You are planning to buy a bromeliad or want to know how to care for a bromeliad. My care guide will tell you what you want and need to know.
Bromeliad Care Takeaways
For optimal bromeliad growth, use well-draining soil rich in organic matter. Wateringevery 7-14 days. Use bright indirect light to full sunlight. Maintain a temperature between 60-80°F and a humidity level of 50-70%. Fertilize once a month and propagate through offsets or seeds.
|Synonyms||Pineapple family, Bromelioideae|
|Height||10.0ft / 3.0m|
|Width||6.0ft / 1.8m|
|Soil||Well-draining soil mix with adequate organic matter|
|Watering||Fill up water every 7-14 days|
|Temperature||60.0 – 80.0°F / 15.6 – 26.7°C|
|Humidity||50.0 – 70.0%|
|Fertilizer||1 times a month|
|Toxicity||Non-toxic to humans and animals such as cats and dogs|
What are Bromeliads?
Bromeliad plants (from the Bromeliaceae family) originate from the Andean highlands of South America. They’re over 100 million years old!
Of course, they’ve evolved since then and are broken down into separate species. There are around 2,500 sub-types of the bromeliad.
These interesting plants can adapt to almost any environment they’re thrown into, and bromeliad care is full of surprises.
Some sites on the internet describe bromeliad care as easy. I do not fully agree. It is easy to care for bromeliads and kill them if specific care best practices are disregarded.
For example, bromeliads have tiny little hairs. The little hairs capture water so it can reflect sunlight. It’s protecting itself from the sun when it does this.
You don’t see that every day in a plant. We’ve been super impressed by these cool and colorful plants.
According to the University of Florida, they stand out because of their colorful leaves and flower spikes.
Do you need to know what soil to use for your bromeliad? Or the temperature it needs?
You’ve landed in the right place if you’re here to find information about caring for your bromeliad.
We’ve put everything we’ve learned about the bromeliad into one article. Keep reading!
Table of Contents
Bromeliad Plant Care Guide
Bromeliads need fat-draining potting soil or can be cared for soilless. Your soil needs to have a pH level between 5.0 and 6.0.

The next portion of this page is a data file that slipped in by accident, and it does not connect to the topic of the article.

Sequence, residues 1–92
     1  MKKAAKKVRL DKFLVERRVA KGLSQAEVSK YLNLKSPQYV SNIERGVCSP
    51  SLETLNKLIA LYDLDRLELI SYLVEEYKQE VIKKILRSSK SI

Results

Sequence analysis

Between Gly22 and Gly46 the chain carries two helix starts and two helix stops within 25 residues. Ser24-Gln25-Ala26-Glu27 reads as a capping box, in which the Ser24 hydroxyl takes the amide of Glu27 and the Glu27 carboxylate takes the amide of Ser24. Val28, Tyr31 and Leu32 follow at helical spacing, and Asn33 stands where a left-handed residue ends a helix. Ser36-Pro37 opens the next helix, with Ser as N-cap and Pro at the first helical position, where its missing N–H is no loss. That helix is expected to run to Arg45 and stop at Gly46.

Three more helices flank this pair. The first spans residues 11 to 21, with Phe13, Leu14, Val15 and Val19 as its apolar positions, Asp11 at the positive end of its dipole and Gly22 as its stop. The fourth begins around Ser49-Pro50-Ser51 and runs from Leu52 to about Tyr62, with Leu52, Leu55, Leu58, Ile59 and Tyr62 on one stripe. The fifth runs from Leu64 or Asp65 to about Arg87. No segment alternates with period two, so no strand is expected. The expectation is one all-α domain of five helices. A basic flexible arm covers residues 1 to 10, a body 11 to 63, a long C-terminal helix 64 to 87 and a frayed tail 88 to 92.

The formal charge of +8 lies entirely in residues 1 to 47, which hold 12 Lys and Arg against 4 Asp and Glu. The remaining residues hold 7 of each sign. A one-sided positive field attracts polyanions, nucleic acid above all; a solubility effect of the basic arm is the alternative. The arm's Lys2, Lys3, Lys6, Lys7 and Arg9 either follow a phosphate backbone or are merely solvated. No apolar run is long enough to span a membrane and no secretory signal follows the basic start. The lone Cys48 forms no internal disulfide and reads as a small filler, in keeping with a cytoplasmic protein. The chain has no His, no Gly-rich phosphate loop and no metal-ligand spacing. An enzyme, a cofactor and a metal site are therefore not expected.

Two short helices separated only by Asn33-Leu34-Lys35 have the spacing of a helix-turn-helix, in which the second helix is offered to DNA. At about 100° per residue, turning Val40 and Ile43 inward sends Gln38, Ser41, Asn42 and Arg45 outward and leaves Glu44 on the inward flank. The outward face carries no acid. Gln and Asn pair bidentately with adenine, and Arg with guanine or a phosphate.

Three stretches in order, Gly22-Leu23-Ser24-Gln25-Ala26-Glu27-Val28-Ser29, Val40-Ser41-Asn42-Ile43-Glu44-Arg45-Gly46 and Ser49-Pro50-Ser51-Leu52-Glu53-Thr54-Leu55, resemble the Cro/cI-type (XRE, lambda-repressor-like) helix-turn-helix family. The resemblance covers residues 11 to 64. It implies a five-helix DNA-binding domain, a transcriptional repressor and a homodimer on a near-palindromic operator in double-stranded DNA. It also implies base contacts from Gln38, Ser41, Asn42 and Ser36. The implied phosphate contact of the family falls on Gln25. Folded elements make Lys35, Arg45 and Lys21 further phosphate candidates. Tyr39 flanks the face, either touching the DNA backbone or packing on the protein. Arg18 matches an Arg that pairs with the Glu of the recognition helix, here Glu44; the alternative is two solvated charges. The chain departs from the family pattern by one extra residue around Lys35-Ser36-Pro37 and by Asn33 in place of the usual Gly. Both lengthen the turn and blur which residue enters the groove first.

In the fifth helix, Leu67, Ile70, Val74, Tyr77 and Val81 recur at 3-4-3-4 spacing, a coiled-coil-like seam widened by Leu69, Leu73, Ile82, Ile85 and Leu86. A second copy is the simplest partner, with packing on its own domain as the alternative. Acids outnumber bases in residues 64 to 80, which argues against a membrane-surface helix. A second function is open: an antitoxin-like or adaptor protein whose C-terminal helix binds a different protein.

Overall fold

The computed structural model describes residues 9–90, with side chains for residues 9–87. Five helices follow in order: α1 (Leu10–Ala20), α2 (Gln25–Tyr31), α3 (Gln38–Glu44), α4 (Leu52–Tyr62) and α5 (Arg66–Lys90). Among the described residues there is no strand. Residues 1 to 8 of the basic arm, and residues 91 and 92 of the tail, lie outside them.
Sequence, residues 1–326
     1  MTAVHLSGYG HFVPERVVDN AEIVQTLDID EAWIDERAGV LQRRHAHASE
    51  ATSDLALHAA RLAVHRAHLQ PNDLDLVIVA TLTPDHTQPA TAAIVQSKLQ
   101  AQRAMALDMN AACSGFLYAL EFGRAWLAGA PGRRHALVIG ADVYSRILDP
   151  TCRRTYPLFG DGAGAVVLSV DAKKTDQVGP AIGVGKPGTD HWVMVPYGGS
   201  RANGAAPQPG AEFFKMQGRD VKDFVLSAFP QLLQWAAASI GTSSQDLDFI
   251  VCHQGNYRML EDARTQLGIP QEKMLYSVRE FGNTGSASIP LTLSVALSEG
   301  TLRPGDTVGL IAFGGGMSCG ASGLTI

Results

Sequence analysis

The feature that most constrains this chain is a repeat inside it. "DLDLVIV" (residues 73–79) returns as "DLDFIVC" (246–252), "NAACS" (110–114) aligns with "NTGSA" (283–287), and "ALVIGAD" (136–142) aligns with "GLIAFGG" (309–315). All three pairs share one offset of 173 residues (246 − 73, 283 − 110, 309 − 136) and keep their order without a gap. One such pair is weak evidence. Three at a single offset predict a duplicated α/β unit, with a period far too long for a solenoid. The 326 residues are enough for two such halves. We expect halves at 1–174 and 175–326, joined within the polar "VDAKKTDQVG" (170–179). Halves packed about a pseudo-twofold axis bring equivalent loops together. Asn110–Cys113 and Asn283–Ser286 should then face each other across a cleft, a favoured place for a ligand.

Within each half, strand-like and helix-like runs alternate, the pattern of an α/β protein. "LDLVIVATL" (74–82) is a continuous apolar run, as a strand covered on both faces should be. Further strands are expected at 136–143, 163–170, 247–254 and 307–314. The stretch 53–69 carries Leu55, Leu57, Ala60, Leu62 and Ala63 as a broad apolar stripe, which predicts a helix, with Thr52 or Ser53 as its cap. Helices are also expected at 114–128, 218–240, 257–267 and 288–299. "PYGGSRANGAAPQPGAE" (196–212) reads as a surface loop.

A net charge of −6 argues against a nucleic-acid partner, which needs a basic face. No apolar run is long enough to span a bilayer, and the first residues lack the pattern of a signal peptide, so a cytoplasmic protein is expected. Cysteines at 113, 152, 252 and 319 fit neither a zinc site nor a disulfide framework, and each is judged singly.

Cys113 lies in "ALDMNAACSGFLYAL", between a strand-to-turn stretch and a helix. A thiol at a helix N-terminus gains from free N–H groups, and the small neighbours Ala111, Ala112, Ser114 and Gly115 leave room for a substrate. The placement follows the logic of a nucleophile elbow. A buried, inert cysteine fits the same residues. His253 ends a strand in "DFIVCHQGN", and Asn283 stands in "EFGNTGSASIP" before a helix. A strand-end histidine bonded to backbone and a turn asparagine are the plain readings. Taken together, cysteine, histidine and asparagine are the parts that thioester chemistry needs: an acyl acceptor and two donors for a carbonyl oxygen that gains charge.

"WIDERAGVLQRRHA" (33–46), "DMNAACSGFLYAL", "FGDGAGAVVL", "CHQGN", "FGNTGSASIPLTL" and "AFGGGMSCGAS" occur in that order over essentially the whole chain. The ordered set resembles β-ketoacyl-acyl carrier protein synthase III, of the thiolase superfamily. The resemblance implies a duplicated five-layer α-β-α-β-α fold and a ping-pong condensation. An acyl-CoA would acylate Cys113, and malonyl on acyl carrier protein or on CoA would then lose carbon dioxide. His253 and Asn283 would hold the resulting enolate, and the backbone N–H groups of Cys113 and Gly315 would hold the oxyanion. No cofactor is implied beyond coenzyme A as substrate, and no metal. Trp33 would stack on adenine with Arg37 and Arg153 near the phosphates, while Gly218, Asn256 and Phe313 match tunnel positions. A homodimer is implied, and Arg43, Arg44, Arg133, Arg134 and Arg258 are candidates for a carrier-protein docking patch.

Determining the soil for your bromeliad is a little different from most other plants. This is because bromeliads don’t feed or absorb nutrients through their roots. Their roots are only there to give them support.
Because of this unique situation, you don’t need to use a plant pot if you don’t want one.
You can mount your bromeliad on a tree or a large rock. The roots will wrap themselves around the tree to give the plant support. This means you don’t have to have soil either.
But you’ll need a pot if you have your bromeliad plant indoors. You should use bromeliad-specific potting soil or fast-draining soil.
You can also make your fast-draining potting soil mix to save money. A great mix for a bromeliad plant includes:
- decomposed bark
- sphagnum moss
Sand is another option. It’ll ensure all water goes right through instead of hanging out in the soil, ruining the roots.
Bromeliad plants are very susceptible to root rot or wet feet. So be careful not to soak the soil. Keep it as dry as possible. This is an important bromeliad care aspect to be aware of.
Have a look at our extensive soil mix article to get to know more about the right ingredients in potting soil.
Bromeliad Light Requirements
The light requirements for a bromeliad plant depend on the species. It can go from one extreme for one species to another extreme for another species.
You don’t need bright lights when your plant has flexible and spineless leaves. They need lower lights since these plants grow in shady areas.
The bromeliad plants with stiff leaves are like most plants. They need bright but indirect sunlight. You can place your bromeliad in either a north or east-facing window.
Yellowing leaves and stems are often a sign of too much light. The leaves can burn as well from sitting in direct sunlight.
And when they’re not getting enough light, they turn a darker green. This is because they have to compensate for the lack of light.
To do that, the plant creates more chlorophyll. The chlorophyll takes in the little light it can access and turns it into the energy the plant needs.
If you’re having issues finding the right balance of sunlight, a small grow light will be easy to adjust.
Depending on the light level, bromeliads might even change their color from one color to another. We have a bromeliad that turned from light green to pinkish once we increased the artificial light from a grow light.
My article about the different light levels and window directions will explain everything you need to know about light for houseplants.
Bromeliads don’t get nutrients or hydration through their roots. Watering your plant will be a bit different than watering other plants. You won’t water your bromeliad through the soil. Instead, find the center of your plant. This is “the cup” or “the tank.” Fill the center of this tank with water.
Never let the tank empty. Once it gets down pretty low, fill it back up with water.
You don’t want to leave the water in the tank for long because it will damage your bromeliad.
Drain the tank once a week. You can drain it into the soil if you have fast-draining soil and a pot with drainage holes.
If not, empty the water from the tank into a cup or bowl.
Avoid using tap water on your bromeliad plant. Tap water is full of chlorine and other chemicals that can harm it. Use distilled water instead!
In our case, we bought a device that can create distilled water from tap water within a couple of hours, as distilled water is not readily available where we live. However, supermarkets, hardware stores, or nearby pharmacies might sell distilled water.
An alternative would be to use rainwater or reverse osmosis water.
Check out my air plants watering tips as a comparison.